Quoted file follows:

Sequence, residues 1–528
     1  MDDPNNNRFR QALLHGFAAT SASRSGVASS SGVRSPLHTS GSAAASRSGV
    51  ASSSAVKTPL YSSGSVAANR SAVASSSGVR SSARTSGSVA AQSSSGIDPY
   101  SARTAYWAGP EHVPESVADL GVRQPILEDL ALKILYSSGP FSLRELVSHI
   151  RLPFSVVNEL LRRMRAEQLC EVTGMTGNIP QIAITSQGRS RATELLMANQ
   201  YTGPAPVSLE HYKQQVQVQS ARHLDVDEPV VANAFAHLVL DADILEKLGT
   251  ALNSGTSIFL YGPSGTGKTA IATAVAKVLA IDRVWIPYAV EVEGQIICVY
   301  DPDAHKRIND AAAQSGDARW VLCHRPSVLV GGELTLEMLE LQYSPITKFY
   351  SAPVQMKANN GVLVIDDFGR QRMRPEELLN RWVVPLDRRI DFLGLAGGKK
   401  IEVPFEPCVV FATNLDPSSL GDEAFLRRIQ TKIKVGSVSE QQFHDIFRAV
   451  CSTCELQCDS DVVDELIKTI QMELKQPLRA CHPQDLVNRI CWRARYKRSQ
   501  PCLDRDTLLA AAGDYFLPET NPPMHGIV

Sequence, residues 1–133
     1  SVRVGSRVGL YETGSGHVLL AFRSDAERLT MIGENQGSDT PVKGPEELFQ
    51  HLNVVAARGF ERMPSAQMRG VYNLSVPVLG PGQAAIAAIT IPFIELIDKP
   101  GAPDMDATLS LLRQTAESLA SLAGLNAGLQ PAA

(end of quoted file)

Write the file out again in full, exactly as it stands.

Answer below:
Sequence, residues 1–528
     1  MDDPNNNRFR QALLHGFAAT SASRSGVASS SGVRSPLHTS GSAAASRSGV
    51  ASSSAVKTPL YSSGSVAANR SAVASSSGVR SSARTSGSVA AQSSSGIDPY
   101  SARTAYWAGP EHVPESVADL GVRQPILEDL ALKILYSSGP FSLRELVSHI
   151  RLPFSVVNEL LRRMRAEQLC EVTGMTGNIP QIAITSQGRS RATELLMANQ
   201  YTGPAPVSLE HYKQQVQVQS ARHLDVDEPV VANAFAHLVL DADILEKLGT
   251  ALNSGTSIFL YGPSGTGKTA IATAVAKVLA IDRVWIPYAV EVEGQIICVY
   301  DPDAHKRIND AAAQSGDARW VLCHRPSVLV GGELTLEMLE LQYSPITKFY
   351  SAPVQMKANN GVLVIDDFGR QRMRPEELLN RWVVPLDRRI DFLGLAGGKK
   401  IEVPFEPCVV FATNLDPSSL GDEAFLRRIQ TKIKVGSVSE QQFHDIFRAV
   451  CSTCELQCDS DVVDELIKTI QMELKQPLRA CHPQDLVNRI CWRARYKRSQ
   501  PCLDRDTLLA AAGDYFLPET NPPMHGIV

Sequence, residues 1–133
     1  SVRVGSRVGL YETGSGHVLL AFRSDAERLT MIGENQGSDT PVKGPEELFQ
    51  HLNVVAARGF ERMPSAQMRG VYNLSVPVLG PGQAAIAAIT IPFIELIDKP
   101  GAPDMDATLS LLRQTAESLA SLAGLNAGLQ PAA